When I think about first-person shooters I always overlook Killzone. I like it more than other franchises like F.E.A.R., Resistance, and SOCOM, and I have played every installment, but for whatever reason it has never left much of an impression. In fact, the lasting memory I have of the franchise is that the bad guys are not too subtly portrayed as Nazis... in space.
Killzone 3 is the best entry so far, but it does little to alter that perception of the franchise. Relegating a blockbuster game to second class citizen status might seem odd to some of you - especially concerned PlayStation 3 owners who are no doubt already crafting their angry response e-mails - but the fact is that Killzone isn't as good as the current frontrunners, and adds little to the genre in which it competes.
I don't expect every game to innovate - only a handful do, and the rest work almost exclusively with proven ideas - and I don't think there's anything wrong with being derivative, as long as there's a tangible level of quality and polish, which Killzone certainly has. But the thing that bothers me about Killzone, and it's an issue that's exemplified by this third installment, is that it all feels just a little too rote and formulaic.
Guerrilla Games seem to be working from a checklist of popular genre conventions, so Killzone 3 occasionally feels like a greatest hits compilation of FPS "moments": there's the ubiquitous stealth level; a sequence where you take control of a giant mecha-robot; loud levels that take place on a massive battlefield and see you running from objective to objective in a mad scramble; an appropriately thrilling stand-off against a towering boss; and, in a sad indictment of the current state of the genre, an ending that drops you off a cliff without providing any real sense of closure.
At its best, Killzone 3 is thrilling, thanks in no small part to the meaty impact of each and every bullet. The jet-pack level also stands out as one of the better levels in recent memory, and I really appreciated the fleeting glimpses at the power structure of the Helghan high command. Again, the portrayal literally screams "These guys are just like the Nazis!" but watching the fascist leaders bicker was by far more interesting than anything that occurred between the game's actual heroes.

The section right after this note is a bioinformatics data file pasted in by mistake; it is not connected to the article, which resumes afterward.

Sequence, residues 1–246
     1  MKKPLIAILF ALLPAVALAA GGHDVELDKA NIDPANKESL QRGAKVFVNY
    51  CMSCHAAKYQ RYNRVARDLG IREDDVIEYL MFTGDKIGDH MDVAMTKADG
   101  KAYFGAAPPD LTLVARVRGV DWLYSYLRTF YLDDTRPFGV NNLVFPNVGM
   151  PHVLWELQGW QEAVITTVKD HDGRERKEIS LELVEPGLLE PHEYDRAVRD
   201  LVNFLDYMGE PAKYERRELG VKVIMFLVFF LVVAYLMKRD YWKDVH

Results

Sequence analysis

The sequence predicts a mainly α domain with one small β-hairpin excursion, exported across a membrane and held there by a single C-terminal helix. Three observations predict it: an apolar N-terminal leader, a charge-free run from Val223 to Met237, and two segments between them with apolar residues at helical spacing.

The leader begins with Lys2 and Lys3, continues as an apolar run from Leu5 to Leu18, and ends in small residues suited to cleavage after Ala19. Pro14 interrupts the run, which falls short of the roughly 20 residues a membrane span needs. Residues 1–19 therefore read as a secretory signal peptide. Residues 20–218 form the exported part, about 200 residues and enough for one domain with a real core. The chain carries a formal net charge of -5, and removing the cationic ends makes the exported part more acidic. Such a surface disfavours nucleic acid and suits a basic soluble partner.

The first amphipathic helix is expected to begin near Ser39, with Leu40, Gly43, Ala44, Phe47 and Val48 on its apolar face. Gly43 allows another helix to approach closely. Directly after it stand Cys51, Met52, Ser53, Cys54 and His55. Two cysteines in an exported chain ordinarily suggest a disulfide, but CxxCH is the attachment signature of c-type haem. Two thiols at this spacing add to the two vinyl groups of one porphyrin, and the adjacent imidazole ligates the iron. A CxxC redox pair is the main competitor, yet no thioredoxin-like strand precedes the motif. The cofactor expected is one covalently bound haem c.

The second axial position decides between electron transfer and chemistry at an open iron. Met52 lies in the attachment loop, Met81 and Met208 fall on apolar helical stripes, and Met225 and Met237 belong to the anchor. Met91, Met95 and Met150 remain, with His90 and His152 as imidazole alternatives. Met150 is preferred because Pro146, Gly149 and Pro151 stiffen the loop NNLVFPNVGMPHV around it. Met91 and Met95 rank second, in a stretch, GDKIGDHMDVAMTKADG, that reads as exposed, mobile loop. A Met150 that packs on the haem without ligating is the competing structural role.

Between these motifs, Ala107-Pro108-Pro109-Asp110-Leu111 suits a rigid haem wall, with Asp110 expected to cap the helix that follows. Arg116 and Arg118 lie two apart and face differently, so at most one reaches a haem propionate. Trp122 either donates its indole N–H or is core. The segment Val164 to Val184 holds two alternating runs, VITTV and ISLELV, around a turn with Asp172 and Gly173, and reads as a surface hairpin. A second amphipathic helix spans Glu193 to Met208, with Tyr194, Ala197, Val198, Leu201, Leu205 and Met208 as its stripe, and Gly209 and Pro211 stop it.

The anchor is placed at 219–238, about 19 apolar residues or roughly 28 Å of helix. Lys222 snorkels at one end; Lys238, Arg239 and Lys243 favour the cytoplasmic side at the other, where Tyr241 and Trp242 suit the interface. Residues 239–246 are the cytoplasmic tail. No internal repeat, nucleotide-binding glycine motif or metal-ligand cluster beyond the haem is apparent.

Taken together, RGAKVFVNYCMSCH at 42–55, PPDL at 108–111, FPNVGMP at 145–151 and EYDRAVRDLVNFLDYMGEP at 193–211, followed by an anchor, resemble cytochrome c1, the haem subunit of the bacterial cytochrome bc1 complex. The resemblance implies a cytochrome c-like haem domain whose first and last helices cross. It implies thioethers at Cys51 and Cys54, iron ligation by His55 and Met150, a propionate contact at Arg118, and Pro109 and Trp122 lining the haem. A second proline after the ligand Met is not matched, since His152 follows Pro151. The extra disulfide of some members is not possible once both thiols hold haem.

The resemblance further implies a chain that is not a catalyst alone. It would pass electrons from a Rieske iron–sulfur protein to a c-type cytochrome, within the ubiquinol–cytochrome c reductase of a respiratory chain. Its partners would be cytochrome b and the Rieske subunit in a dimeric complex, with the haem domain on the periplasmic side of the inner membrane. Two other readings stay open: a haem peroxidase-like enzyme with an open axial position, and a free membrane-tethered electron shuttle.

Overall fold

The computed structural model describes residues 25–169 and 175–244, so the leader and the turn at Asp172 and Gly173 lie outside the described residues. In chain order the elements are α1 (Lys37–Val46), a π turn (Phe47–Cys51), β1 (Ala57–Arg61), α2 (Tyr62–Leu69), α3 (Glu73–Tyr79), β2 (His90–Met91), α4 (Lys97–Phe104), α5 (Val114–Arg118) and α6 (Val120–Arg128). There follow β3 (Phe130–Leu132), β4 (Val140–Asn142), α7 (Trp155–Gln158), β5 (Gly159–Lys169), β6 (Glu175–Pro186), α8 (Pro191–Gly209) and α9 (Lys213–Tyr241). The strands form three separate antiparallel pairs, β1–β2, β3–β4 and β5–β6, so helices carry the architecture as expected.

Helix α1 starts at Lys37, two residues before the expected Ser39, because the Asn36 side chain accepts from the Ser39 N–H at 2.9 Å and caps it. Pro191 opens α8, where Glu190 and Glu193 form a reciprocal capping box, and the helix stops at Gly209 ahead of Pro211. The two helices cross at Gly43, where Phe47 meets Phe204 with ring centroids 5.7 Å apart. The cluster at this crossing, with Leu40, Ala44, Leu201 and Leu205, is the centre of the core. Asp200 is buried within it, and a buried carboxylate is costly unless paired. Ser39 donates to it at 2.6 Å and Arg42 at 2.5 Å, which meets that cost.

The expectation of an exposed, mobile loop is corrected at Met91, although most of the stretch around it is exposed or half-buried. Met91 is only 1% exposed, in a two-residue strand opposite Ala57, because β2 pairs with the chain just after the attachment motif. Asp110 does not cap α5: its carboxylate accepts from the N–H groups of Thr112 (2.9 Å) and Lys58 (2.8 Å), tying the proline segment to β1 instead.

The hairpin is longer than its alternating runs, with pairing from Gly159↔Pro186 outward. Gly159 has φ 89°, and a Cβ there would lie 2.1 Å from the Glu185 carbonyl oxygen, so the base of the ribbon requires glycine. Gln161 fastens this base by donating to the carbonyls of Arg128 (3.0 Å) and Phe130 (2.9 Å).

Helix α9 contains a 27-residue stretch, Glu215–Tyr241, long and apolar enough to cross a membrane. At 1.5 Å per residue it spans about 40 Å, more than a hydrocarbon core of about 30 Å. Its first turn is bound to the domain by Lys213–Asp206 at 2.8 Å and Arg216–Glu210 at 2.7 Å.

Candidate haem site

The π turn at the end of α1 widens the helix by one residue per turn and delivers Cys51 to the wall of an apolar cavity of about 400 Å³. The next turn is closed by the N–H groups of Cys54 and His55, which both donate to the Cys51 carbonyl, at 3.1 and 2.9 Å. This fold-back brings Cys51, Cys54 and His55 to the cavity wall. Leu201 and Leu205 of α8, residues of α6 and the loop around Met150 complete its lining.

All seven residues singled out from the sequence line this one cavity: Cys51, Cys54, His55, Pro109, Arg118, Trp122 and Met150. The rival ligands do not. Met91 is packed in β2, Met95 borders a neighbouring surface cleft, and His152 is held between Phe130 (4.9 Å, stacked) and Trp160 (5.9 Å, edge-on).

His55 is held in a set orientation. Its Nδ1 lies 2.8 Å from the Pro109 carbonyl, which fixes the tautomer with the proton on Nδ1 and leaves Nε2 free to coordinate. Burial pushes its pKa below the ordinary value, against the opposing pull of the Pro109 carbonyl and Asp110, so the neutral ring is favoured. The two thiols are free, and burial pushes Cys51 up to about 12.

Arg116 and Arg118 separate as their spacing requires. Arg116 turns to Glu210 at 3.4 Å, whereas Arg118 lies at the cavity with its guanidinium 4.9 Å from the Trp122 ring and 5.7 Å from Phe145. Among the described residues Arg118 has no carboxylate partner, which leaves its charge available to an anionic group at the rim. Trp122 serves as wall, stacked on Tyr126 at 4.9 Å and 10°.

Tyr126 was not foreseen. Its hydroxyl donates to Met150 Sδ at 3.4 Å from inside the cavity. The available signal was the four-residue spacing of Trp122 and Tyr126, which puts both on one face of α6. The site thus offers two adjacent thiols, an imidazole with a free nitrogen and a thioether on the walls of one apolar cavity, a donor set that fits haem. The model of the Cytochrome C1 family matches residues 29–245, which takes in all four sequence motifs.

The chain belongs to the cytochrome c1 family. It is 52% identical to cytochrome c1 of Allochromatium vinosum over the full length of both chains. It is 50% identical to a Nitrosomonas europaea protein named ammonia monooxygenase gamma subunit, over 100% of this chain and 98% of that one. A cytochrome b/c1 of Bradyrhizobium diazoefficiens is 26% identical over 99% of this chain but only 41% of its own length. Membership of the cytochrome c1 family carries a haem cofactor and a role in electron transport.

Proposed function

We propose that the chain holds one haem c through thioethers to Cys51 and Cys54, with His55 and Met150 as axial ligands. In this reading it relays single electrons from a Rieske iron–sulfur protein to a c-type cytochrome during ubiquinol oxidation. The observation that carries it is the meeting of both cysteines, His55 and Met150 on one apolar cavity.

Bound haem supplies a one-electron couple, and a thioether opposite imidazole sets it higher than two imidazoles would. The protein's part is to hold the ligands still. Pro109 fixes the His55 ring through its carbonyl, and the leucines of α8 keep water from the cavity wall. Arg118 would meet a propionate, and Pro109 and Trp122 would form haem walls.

Unfortunately, the game peaks infrequently, and the vast majority of your experience is marked by frustrating, repetitive battles that are reminiscent of the worst levels Call of Duty has to offer - dying endlessly until you figure out the "right" way to tackle the enemies or force your way to a checkpoint - or middle-of-the-road skirmishes that don't stand out from anything you've done in a dozen other games you've played before.
And then there's the ending, which might be one of the worst I've seen in a long time. It does nothing with the weighty implications of the game's final Event, which definitely deserves a capital E. But despite witnessing, and helping to cause, this horrific outcome, the main characters just shrug their shoulders, the screen fades to black, and a credits sequence begins to roll; my befuddlement was momentarily counteracted when the "real" closing cinematic started, but it turned out to be a recycling of the proverbial "hand emerging from the grave" sucker-punch.
I know the majority of this review has been critical of Killzone 3, but as strange as this might sound, I never found myself hating the experience. It is just underwhelming, principally because it doesn't ever rise above the level of a good popcorn movie. There's absolutely nothing wrong with that, of course, but there's really nothing memorable about it either.
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